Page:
If you were a nerdy teenage comic book collector with intellectual aspirations in 1976 (as I was) you no doubt remember Howard the Duck. Howard, a cigar-chomping duck from another dimension “trapped in a world he never made” was THE hot comic book of 1976. The duck’s creator, Steve Gerber, wrote intelligent stories that reveled in turning super-hero comic book conventions on their ears.

I didn’t catch on to the duck’s saga until about issue #4, and I still recall saving up my paper route money for months to buy copies of the first three issues at the local comic book store. Issue #1 was scarce due to low distribution and went for a king’s ransom (about $20 as I recall). Heck, I was so enamored of Howard that I even went to the movie. I think I was the only one in the theatre…

Speaking of low distribution, the Howard the Duck newspaper strip certainly fits that description. Although Howard was a cause celebre among comic book fans, you can imagine what newspaper editors thought when the salesman from Register & Tribune Syndicate showed them this supremely odd strip. You can be sure that any editor who actually took the strip did so only because they had teenage boys at home who threatened to make his life hell otherwise.

The newspaper strip version began on June 6 1977 at the height of Howard-mania. At first Steve Gerber and Gene Colan, the creative team on the comic book, handled the strip as well. Colan, however, dropped out after just five months, and his job was taken over by Val Mayerik, who was also occasionally spelling Colan on the comic book.

In 1978 Steve Gerber abruptly left both the comic book and comic strip due to creative control issues with Marvel Comics. Gerber was last credited on the strip in April, and Marv Wolfman took over the writing duties. Shortly before, Mayerik bailed out and was replaced by Alan Kupperberg on art. The strip soldiered on until October of that year before being replaced by a strip about a different Marvel property, The Incredible Hulk.

Here are specific creator dates on the series, most of which come from John Wells with a few edits by me. Undoubtedly, as with all Marvel newspaper strips, there’s more to the creative story than is told by the official credits…

Steve Gerber / Gene Colan: 6/12/77 – 11/6/77
Steve Gerber / Val Mayerik: 11/13/77 – 3/26/78 *
Steve Gerber / Alan Kupperberg: 4/2/78 – 4/16/78 *
Marv Wolfman / Alan Kupperberg: 4/23/78 – 10/29/78
* art 1/29 – 4/16 unsigned, looks like Mayerik to 3/19, 3/26 – 4/9 may be by others (4/2/78 sample shown above)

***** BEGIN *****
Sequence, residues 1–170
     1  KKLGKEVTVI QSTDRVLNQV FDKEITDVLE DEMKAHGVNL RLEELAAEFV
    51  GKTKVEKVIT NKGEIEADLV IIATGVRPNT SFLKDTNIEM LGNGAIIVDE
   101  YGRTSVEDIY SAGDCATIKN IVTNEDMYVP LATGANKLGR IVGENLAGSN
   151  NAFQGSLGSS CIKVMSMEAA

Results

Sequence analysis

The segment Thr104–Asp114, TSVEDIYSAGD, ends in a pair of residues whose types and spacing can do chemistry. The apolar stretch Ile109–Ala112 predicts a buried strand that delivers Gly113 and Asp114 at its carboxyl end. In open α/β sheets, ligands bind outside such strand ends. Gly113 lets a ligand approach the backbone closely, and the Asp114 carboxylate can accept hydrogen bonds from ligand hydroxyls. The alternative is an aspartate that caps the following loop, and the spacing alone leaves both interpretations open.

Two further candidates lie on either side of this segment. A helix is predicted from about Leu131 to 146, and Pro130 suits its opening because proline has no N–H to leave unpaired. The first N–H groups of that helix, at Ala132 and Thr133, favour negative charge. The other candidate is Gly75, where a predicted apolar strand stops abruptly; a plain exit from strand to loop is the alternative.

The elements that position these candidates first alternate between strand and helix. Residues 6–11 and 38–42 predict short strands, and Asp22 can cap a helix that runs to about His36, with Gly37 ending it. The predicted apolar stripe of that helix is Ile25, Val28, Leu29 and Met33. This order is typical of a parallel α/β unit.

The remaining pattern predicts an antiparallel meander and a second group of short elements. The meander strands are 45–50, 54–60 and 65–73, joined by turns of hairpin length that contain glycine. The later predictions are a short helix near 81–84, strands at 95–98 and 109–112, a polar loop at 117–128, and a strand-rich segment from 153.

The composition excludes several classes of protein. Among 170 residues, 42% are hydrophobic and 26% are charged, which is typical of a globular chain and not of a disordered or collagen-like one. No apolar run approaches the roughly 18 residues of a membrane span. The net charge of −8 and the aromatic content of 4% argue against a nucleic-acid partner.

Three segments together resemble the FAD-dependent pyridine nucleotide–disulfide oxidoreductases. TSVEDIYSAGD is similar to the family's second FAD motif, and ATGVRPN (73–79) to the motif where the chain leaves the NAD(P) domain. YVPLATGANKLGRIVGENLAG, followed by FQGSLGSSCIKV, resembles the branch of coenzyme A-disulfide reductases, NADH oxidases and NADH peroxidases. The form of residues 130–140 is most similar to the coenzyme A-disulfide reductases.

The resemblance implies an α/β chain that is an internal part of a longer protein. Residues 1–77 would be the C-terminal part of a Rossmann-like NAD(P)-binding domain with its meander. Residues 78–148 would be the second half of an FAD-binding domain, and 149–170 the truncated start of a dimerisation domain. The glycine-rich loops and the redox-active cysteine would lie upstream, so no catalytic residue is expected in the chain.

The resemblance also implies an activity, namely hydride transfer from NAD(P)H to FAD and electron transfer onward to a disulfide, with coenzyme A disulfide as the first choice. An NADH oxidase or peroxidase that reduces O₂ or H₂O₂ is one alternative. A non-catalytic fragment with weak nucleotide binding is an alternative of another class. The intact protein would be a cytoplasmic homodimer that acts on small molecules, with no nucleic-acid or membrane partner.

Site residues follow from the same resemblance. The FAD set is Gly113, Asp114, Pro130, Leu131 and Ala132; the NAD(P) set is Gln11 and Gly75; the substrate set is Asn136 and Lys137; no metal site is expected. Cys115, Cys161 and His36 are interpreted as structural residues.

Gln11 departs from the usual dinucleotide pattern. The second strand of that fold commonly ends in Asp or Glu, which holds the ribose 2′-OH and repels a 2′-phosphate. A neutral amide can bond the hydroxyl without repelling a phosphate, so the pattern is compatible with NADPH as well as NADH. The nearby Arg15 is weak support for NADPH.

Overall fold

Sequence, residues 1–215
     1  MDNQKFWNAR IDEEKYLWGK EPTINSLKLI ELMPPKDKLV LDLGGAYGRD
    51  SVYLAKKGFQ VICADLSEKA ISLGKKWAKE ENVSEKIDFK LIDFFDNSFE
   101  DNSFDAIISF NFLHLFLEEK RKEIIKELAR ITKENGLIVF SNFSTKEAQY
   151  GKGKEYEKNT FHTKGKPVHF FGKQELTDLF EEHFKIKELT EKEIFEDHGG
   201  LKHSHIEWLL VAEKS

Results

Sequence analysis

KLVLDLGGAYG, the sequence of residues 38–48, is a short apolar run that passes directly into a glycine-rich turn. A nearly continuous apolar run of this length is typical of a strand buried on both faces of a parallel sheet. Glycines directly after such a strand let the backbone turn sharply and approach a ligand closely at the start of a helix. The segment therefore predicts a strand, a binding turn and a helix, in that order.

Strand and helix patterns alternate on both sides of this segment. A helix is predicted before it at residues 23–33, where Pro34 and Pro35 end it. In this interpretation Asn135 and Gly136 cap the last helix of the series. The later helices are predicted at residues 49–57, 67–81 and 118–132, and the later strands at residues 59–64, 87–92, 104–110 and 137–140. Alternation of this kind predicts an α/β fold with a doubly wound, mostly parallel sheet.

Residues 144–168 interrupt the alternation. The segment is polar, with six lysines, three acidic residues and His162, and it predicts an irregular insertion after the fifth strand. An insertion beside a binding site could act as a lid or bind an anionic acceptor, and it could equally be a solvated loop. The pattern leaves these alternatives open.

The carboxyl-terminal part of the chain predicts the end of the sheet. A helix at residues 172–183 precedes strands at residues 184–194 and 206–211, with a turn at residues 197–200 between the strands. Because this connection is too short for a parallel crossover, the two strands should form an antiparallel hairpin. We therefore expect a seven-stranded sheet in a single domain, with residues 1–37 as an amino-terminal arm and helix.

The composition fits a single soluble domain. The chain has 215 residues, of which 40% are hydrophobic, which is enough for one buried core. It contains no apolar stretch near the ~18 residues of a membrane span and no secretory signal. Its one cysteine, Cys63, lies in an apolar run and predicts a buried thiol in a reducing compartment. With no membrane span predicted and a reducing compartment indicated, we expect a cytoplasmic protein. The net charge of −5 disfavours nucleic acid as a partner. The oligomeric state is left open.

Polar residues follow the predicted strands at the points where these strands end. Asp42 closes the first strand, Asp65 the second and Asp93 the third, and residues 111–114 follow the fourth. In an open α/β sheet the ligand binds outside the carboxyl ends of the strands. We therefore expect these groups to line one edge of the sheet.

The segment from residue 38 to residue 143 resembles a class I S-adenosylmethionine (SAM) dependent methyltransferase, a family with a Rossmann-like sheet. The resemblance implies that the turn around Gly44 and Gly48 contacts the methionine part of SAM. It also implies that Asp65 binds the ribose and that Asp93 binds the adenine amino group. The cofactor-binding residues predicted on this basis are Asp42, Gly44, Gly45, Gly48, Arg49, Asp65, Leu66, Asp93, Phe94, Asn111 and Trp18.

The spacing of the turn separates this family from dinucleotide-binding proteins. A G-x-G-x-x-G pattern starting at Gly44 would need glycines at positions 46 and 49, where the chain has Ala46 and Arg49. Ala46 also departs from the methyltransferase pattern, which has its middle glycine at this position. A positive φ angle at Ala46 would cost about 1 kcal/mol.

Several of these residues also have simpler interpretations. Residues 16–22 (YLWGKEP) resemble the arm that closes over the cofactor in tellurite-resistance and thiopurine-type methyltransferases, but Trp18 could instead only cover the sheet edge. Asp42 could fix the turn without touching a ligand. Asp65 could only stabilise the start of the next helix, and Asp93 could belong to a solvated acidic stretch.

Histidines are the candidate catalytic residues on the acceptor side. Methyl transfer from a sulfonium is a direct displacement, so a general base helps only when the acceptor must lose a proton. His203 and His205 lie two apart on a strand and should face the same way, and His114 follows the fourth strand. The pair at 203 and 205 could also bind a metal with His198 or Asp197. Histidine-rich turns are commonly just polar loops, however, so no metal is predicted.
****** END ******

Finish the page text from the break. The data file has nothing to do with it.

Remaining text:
Steve Gerber / Gene Colan: 6/6/77 – 10/8/77
Steve Gerber / Val Mayerik: 10/10/77 – 2/25/78
Steve Gerber / Alan Kupperberg: 2/27/78 – 4/22/78
Marv Wolfman / Alan Kupperberg: 4/24/78 – 10/28/78

Joe Brusky compiled the story info (some titles are his invention — most stories were untitled in the actual strip), with additions and corrections from Mark Nems:
Pop Syke – The Consciousness of Success: 6/6/77 – 7/31/77 (daily/Sunday)
The Cult of Entropy: 8/1/77 – 10/2/77 (daily/Sunday)
Fred Feenix the Self-Made Man: 10/3/77 – 12/11/77 (daily/Sunday)
The Sleigh-Jacking: 12/12/77 – 1/1/78 (daily/Sunday)
In Search of the Good Life: 1/2/78 – 2/26/78 (daily/Sunday)
Sleep of the Just: 2/27/78 – 4/22/78 (daily/Sunday)
Close Encounters of the Fowl Kind: 4/23/78 – 6/13/78 (daily/Sunday)
The Tuesday Ruby: 6/14/78 – 9/2/78 (daily only)
The Clone Ranger: 9/4/78 – 9/30/78 (daily only)
Howard Heads Home (aka Bye Bye Beverly): 10/2/78 – 10/28/78 (daily only)
Mystery of the Maltese Human: 8/27/78 – 10/29/78 (Sundays)

Newspaperarchive.com + Apologies

Topic the first: I am working with the folks at Newspaperarchive.com trying to figure out why some users (including myself) are unable to use the site effectively. In my case any given page on their site can take 5 minutes or even more to load. The folks at Newspaperarchive are pretty mystified at the source of the problem right now, so they are hoping to hear from others having the same trouble. I know a few of you have told me in the past that you were having similar problems. If you are, please email me or leave a message here with your email and I will pass on your info to the inner circle there at Newspaperarchive.com. I also would like to hear from those who are not experiencing problems on the site for comparison sake.

Topic the second: For those of you who have been waiting for email replies from me please accept my apologies for not answering lately. Been busier than Dagwood at a sandwich-eating contest with a bunch of projects and email has been floundering in the priority list. I’m hoping to catch up with correspondence this week, as next week promises to be even busier. Of course this has also hampered me in making daily posts, as well, so please bear with me.

Jim Ivey’s Sunday Comics

Two books by Jim Ivey are available at Lulu.com or direct from the author:

Graphic Shorthand: Jim Ivey teaches the fundamentals of cartooning in his own inimitable style. 128 pages, coil-bound. Lulu $19.95 plus shipping, direct $25 postpaid.